Bloomberg Businessweek published an interesting article regarding the privacy concerns about Amazon Alexa devices and several other smart speakers. However, the featured illustration that accompanies the post has given a lot to talk about in the past 24 hours… But for all the wrong reasons.
The featured image consists of an Amazon Echo speaker opening in half and revealing an ear inside, which is supposed to represent tech companies eavesdropping on their users without their knowledge. As it turns out, many readers have pointed out that the illustration resembles more of a sex toy than anything else.
People now call it “Alexa Fleshlight”
Right now users on Twitter are cracking up in laughter and no one can take the picture seriously.
Thank you, Bloomberg Businessweek, for making the phrase “Jeff Bezos Fleshlight” materialize in my mind pic.twitter.com/Pv16aEJbwP
— Joe Bernstein (@Bernstein) December 11, 2019
incredible, alexa now comes with fleshlight mode https://t.co/oiX2LI8kce
— Samantha Cole (@samleecole) December 11, 2019
This is exactly why I don’t have an Alexa, Google home or sex with anyone
— Boomer Kingsly (@the_z_a_c_h_) December 11, 2019
Bloomberg has responded to the “criticism” by saying that “It's an EAR, folks”.
Of course, the damage is done and the memes won't stop for a while.
The graphics design team has made a questionable design decision with the animated illustration, no doubt about it, but the article itself is pretty interesting.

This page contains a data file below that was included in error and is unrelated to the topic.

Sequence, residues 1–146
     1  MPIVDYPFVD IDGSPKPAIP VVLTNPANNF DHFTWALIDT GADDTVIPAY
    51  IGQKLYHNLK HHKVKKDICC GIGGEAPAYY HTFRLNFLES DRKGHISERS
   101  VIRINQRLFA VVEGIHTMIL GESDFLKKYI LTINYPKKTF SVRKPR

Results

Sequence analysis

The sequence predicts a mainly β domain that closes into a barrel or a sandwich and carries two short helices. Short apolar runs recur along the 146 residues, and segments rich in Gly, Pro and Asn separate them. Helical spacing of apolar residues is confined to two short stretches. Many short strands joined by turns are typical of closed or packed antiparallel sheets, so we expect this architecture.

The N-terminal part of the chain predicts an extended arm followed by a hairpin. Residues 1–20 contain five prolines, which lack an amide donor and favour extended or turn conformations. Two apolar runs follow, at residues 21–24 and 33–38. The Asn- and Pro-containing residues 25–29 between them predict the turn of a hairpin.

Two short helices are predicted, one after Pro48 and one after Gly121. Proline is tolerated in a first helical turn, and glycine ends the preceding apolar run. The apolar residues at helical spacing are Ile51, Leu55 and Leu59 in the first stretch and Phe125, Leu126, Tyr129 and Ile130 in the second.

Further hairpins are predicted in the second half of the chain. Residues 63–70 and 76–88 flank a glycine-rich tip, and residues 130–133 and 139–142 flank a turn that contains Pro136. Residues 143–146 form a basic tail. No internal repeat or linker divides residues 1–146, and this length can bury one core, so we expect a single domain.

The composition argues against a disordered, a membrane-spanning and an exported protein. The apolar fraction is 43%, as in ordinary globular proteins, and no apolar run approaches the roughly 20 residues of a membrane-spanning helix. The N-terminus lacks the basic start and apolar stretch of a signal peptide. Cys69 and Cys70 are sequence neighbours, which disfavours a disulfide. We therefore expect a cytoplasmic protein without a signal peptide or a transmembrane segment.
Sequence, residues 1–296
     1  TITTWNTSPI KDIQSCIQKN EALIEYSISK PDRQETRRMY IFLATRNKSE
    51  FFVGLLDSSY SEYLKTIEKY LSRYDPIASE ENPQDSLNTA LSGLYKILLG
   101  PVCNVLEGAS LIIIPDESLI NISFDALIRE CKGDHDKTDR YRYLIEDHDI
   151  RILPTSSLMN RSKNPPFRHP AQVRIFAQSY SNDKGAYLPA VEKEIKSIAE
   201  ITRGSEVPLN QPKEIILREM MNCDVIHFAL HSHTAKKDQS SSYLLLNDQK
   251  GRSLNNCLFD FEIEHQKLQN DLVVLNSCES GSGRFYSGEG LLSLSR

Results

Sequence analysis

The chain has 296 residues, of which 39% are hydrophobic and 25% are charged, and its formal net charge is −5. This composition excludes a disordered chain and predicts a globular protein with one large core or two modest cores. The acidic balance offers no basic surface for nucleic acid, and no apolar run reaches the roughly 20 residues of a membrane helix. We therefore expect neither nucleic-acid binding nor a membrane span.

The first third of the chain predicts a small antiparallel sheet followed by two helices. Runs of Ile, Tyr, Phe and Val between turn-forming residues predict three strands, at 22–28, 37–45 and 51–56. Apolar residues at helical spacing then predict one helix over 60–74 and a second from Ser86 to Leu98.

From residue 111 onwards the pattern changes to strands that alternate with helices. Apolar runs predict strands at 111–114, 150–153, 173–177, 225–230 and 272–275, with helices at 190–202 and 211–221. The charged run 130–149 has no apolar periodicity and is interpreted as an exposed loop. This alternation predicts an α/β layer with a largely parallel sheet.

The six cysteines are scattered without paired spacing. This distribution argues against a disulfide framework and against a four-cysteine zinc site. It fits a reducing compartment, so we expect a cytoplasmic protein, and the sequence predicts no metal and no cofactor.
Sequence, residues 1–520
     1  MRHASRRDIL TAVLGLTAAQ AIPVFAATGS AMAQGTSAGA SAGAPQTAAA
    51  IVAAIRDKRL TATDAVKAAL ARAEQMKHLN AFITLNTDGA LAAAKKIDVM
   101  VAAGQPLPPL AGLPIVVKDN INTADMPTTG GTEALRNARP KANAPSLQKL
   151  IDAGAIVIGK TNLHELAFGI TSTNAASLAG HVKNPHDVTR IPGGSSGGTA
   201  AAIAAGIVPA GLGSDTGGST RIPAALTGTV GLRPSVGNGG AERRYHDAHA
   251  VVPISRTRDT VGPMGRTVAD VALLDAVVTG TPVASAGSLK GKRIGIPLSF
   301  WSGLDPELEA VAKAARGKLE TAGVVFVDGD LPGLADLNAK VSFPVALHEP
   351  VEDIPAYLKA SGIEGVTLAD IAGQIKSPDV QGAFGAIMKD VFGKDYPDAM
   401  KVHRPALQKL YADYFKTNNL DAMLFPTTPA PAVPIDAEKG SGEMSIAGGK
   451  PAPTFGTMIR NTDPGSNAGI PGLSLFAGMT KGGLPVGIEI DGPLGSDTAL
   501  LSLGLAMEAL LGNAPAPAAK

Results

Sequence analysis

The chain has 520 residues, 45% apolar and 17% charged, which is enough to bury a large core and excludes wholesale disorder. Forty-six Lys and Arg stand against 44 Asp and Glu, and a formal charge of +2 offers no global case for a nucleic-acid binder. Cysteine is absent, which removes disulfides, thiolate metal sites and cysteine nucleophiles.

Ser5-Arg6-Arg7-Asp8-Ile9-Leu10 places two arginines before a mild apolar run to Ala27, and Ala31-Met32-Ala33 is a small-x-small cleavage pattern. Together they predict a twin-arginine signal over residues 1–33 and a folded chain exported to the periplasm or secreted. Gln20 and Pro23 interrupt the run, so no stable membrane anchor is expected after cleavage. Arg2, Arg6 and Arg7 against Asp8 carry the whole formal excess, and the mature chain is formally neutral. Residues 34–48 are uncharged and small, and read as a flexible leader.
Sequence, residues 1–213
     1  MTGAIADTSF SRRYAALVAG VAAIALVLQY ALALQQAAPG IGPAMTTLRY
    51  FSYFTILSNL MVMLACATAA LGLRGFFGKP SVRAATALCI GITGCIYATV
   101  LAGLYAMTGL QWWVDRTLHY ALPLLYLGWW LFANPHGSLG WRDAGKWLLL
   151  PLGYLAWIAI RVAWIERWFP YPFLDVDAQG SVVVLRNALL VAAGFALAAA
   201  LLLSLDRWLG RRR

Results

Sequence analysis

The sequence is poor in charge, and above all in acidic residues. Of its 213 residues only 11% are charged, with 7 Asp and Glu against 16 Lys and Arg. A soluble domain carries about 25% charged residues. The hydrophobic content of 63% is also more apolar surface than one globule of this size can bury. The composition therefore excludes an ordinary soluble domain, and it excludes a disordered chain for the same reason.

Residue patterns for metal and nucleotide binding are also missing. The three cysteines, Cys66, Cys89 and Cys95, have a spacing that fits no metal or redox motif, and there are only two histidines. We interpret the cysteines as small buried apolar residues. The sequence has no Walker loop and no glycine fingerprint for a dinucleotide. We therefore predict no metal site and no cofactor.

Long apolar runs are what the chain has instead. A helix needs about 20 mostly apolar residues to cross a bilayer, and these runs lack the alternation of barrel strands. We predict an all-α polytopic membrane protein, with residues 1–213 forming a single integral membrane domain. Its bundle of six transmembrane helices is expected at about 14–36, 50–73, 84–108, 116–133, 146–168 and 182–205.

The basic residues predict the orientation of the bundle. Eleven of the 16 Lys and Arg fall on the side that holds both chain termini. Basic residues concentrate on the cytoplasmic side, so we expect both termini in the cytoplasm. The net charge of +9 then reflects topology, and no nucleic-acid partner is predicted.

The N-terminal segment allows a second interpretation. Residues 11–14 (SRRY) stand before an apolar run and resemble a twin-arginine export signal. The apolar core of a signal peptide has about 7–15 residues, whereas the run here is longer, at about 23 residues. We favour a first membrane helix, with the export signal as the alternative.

The post titled “Silicon Valley Is Listening to Your Most Intimate Moments” – not only ponders on how people have willingly accepted devices equipped with mics into their homes, blindly trusting that tech companies will respect their privacy, but also delves into what lurks on the other side of the fence.
In this sense, the article reminds people that behind Alexa's magic, there is a human component involved. Amazon relies on data associates to train the system; the company has recordings transcribed, annotated and then fed back into the software in order to improve Alexa's ability to understand human speech and respond accordingly to it.
Making the perfect AI is a slow process that requires human contractors that sit for hours listening to random conversations from random people and jotting down every word on the computer.
And it's not as if Amazon is the only company that does that, Google and Apple are also at fault. Actually, one of the most interesting testimonies comes from a former contractor of GlobeTech who transcribed conversations for Siri:
“Contractors who asked managers whether they could skip overly private clips were told no clips were too private.”
Hopefully, this hilarious incident with the “Alexa Fleshlight” will bring more attention to the article and help raise awareness about this topic.